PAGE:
A pendulum, if you remember, is a weight that gets displaced on one side. Due to the force of gravity the weight will swing from one side to the other—losing a bit of force each time, before finally resting in the middle in what is called the equilibrium position.
History nerds, like myself, note how history seems to follow this same pattern. We go from overreaction to overreaction and finally settle somewhere in the middle. It’s a fitting analogy, but isn’t without holes when considering the Scriptures. The “middle” position may not always be the biblical one. For believers in Jesus our concern is that something is true—not whether or not something is comfortable resting as a middle position.
Nonetheless, as finite and sinful human beings we are prone to bounce around the truth rather than actually resting in it. There is truth to the pendulum. Specifically there are a few areas where I believe the church is now swinging too far in the other direction. And I want to discuss that.
I’ve got a handful of pendulum swings that I’d like to address, starting with one that I’ve termed the Let the Deacons Do It.
Why the Pendulum Swung
This pastor had been at the church for about thirty years. When he resigned the church was heart broken, but also a bit excited to get someone fresh in the pulpit. It seemed like the pastor had been recycling sermons for quite some time now.
The first couple of Sunday’s without him went by without much trouble…then the trash started to stink. And the toilets wouldn’t flush quite right. And the a few lights stayed burnt out. And they didn’t have any bulletins. The heat wasn’t turned on for Sunday morning. Nobody knew where the offering plates were. They didn’t have any juice or bread for the Lord’s Supper. On and on it went. Each Sunday they noticed a new gaping hole.
This church finally realized that the senior pastor did much more than just preach on Sunday. He also served as custodian, groundskeeper, secretary, and a host of other positions. When he left they lost all these positions. No wonder he was recycling those sermons—he was recycling all the churches cardboard too. He was too busy doing all sorts of non-pastoral things to put his time and effort into preparing sermons.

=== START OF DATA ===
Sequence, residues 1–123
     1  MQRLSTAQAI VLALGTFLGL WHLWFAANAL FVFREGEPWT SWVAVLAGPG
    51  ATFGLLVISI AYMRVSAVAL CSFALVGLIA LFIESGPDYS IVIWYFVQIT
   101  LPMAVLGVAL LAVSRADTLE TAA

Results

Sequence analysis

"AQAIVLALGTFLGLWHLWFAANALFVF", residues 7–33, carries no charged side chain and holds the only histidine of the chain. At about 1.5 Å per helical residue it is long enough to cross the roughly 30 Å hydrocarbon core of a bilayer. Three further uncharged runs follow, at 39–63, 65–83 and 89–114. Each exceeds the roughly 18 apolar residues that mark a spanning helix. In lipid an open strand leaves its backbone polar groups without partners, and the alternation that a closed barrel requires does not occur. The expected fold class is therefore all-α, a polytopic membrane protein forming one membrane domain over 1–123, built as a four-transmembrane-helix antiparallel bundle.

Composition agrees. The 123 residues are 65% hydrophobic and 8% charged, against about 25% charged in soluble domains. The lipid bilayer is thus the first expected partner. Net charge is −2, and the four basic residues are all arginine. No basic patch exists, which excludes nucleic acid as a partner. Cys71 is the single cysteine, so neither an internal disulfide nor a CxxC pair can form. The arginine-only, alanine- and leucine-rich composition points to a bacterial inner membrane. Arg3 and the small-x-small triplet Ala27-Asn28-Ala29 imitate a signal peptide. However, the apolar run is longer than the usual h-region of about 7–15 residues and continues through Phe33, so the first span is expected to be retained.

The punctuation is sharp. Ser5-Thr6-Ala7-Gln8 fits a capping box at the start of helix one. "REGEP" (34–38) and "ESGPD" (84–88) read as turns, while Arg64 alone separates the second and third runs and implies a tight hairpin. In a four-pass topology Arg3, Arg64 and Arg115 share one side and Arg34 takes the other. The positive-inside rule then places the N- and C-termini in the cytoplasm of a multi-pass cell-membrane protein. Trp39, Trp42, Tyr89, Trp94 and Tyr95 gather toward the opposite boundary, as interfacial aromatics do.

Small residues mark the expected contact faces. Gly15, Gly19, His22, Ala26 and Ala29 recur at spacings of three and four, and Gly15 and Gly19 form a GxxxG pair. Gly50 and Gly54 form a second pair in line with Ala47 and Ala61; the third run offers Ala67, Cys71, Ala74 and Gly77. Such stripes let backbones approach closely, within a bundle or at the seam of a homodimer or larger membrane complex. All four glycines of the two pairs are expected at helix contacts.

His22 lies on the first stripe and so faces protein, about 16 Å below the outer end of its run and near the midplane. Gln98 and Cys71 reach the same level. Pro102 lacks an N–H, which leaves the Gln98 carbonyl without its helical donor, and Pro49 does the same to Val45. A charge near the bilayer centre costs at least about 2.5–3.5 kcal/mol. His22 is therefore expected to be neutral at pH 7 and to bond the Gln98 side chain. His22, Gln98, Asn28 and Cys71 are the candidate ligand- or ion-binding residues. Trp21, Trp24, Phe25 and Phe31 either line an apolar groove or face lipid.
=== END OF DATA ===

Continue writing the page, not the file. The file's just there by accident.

About 30-40 years ago churches started to wake up to the deficiency in biblical preaching. In the past 40 years we’ve seen an influx of books on the importance of a pastor’s preaching ministry. Most of us young pastor’s have had it drilled in us that our primary task is to accurately handle God’s Word. We should leave the “waiting of tables” for the deacons (See Acts 6).
I rejoice in this trend. But I also think maybe we’re beginning to travel too far the other way.
What I’m seeing now are young guys, like myself, who are thinking that the pastoral ministry is simply spending 30 hours in sermon preparation, delivering that sermon (maybe a few times), meeting with a few key leaders and setting vision, and then doing it all over next week.
Hospital visits? That’s for the deacons.
Weddings? Funerals? Let the pastoral intern get some practice.
Waiting tables? That’s for the hospitality team.
Visiting the congregation? Didn’t we develop a deacon program to solve that issue?
For some mega-churches they’ll have a preaching pastor and his chief responsibility is to preach. The other pastors do the other ministry stuff. But let’s be honest, most of us will never serve in a church like that, and if I’m being honest I’m not sure I really want to.
See, I’m convinced that the apostles didn’t commission deacons in Acts 6 so they could then be freed up to go lock themselves into a room. Sermon prep that doesn’t occasionally include a hospital bed will likely breed pretty stale sermons. The ministry of the Word that the apostles fought so hard to preserve isn’t confined to a Sunday morning event.
So, yes, I’m glad that we are placing a grand importance on the sermon and allowing the pastor adequate study time. (I still agree with most of what I wrote here). But let’s not become professional sermon makers and pretend like somehow we’ve fulfilled our gospel ministry.
Sometimes your ministry of the Word might include taking out the trash.